- The cellular-activated carbon filter is intended to absorb smoke, odors, gases, and VOCs (volatile organic compounds).
- The antibacterial filter captures bacteria and germs.
- The true HEPA filter removes 99.97% of airborne pollutants sized as small as 0.3 microns. Among the pollutants that this filter can catch are dust mites, allergens, pollen, and mold spores.
- The ionizer layer emits negative ions to electrically charge pollutants and odors, neutralizing them. This layer is advertised as ozone-safe and can be switched on and off independently.
- CARB-approved and can be shipped to California.
- The air quality sensor lets the air purifier automatically adjust the fan speed.
- Noise level of just 20 dB in sleep mode.
- 2-year warranty.
4. LEVOIT Air Purifier For Home Large Room
Vital 100 from LEVOIT is an excellent choice for those who are shopping on a budget.
- Covers 975 square feet in one hour, 500 square feet in 30 minutes, and 300 square feet in 18 minutes. Best for rooms sized at 300 square feet and smaller.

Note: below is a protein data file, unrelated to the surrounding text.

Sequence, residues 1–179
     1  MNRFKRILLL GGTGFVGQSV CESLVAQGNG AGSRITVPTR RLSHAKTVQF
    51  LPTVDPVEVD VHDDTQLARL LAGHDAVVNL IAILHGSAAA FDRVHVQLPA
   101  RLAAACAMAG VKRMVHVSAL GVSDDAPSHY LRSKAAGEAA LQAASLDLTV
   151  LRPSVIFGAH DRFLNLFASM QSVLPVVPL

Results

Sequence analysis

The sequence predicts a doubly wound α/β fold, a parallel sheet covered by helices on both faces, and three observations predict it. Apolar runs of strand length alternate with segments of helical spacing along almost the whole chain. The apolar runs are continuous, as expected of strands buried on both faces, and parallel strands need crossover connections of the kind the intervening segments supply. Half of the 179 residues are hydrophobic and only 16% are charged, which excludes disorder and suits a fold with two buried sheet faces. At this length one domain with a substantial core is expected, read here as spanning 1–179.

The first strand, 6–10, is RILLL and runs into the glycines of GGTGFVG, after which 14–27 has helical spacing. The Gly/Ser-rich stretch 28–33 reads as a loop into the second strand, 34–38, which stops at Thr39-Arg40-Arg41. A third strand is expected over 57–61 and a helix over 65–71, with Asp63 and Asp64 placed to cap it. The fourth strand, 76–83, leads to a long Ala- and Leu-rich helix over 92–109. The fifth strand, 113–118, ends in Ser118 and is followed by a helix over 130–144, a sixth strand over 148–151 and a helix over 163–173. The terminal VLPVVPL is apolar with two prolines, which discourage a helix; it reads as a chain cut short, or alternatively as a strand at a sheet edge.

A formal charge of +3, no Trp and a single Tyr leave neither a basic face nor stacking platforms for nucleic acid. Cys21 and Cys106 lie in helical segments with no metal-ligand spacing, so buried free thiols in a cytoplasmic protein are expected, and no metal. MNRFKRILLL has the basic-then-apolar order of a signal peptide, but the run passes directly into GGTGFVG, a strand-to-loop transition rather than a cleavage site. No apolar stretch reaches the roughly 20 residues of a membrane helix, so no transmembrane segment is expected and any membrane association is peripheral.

- Features a 3-stage filtration system.
- The washable pre-filter at the first stage captures large particles like hair, pet fur, fibers, or lint.
- The H13 true HEPA filter at the second stage traps 99.97% of particles as small as 0.3 microns, including pet dander, pollen, dust, and mold spores.
- The activated carbon filter at the third stage is designed to eliminate odors, fumes, smoke, and VOCs.
- Noise level of 23 to 50 dB, depending on the fan setting.